Manigotagan is a Saulteaux Indian phrase, Mannuh-Gundahgan, which means "Bad Throat". The place where the waterfall makes a noise is like a bad sound in the throat. The Indian legend is that this eerie sound came from Wood Falls, some three miles from the mouth of the river.
In 1881, Manigotagan, which was formerly part of the District of Keewatin, became part of the Province of Manitoba. However, it wasn't until 1901 that this area was surveyed into townships. In 1904 the settlement was surveyed into 18 river lots or homesteads. These lots were laid out along both sides of the river with a narrow river frontage. The average size of the lots were 160 acres, which was the usual amount of land allotted for a homestead.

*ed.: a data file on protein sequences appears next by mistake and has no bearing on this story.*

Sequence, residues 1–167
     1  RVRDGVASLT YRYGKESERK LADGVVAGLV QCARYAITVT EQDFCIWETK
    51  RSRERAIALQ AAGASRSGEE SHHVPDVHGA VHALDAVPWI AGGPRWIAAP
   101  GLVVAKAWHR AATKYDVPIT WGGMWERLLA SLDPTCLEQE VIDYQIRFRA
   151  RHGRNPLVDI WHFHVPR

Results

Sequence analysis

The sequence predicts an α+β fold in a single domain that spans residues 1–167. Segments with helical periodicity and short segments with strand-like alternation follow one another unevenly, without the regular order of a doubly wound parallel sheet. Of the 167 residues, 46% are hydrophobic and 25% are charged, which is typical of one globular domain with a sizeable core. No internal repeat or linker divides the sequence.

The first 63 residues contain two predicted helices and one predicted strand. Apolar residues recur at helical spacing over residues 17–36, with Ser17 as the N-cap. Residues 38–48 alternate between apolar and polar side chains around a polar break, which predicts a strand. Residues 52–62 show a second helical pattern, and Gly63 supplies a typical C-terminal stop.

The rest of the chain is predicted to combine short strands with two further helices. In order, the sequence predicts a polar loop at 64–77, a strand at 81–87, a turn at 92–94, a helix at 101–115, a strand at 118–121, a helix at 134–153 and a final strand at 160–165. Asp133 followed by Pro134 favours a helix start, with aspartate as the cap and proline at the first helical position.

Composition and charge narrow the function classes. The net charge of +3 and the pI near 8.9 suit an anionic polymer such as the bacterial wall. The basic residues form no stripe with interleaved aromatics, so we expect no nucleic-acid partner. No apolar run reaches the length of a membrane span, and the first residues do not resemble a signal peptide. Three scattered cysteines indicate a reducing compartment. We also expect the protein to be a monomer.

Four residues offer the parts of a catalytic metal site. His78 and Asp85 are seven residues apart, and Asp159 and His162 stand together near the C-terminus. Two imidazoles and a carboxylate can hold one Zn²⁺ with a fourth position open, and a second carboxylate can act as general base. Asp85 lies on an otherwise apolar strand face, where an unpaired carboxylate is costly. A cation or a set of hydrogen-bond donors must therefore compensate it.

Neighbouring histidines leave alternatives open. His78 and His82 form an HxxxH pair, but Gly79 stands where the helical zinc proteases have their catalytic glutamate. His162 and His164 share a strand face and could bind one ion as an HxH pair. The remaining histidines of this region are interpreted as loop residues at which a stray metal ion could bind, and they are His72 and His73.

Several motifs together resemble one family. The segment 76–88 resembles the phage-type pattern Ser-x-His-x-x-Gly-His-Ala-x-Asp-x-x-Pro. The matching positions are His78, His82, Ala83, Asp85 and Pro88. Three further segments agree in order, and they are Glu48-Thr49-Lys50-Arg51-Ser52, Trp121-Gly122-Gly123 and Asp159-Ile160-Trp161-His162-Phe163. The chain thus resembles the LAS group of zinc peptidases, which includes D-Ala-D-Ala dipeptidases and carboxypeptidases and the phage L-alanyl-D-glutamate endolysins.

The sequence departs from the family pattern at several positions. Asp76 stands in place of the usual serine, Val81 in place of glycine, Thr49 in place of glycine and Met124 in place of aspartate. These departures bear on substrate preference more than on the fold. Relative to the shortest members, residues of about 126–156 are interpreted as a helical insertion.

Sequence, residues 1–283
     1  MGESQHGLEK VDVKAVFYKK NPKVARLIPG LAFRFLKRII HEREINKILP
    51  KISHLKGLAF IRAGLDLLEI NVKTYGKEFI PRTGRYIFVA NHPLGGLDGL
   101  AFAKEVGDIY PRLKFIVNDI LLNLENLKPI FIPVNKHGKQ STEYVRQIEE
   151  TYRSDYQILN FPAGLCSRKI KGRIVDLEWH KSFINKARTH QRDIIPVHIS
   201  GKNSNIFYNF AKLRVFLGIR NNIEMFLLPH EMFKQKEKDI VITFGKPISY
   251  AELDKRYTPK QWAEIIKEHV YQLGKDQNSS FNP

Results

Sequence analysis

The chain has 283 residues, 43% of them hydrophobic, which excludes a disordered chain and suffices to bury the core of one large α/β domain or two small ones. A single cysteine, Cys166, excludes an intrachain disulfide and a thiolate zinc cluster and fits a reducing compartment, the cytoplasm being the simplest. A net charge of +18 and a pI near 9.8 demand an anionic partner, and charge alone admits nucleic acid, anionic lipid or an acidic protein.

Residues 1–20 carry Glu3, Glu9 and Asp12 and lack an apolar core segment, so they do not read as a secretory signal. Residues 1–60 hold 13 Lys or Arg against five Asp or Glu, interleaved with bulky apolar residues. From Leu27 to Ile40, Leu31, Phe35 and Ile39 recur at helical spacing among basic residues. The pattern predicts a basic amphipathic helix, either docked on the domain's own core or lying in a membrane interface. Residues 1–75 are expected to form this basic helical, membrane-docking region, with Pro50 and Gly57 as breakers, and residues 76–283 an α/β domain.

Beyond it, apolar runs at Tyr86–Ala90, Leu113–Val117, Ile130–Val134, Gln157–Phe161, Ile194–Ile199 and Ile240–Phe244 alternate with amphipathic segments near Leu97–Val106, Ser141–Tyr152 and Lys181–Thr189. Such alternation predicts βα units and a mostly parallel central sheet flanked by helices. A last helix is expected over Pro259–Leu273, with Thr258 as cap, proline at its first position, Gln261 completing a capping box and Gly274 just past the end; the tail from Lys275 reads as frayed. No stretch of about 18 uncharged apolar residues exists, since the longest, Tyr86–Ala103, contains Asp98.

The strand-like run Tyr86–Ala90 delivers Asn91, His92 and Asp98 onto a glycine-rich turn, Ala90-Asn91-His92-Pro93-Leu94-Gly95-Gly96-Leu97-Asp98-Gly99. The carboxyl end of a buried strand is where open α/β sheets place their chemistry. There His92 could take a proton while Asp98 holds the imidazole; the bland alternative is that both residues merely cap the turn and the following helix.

written by Arthur (Artie) Quesnel, Lanigan, Saskatchewan, grandson of Arthur Quesnel, Manigotagan
Bert Dawson, grandson of Arthur Quesnel of Manigotagan has shared memories of the history of life in Manigotagan.
Video on Grandpa Arthur Quesnel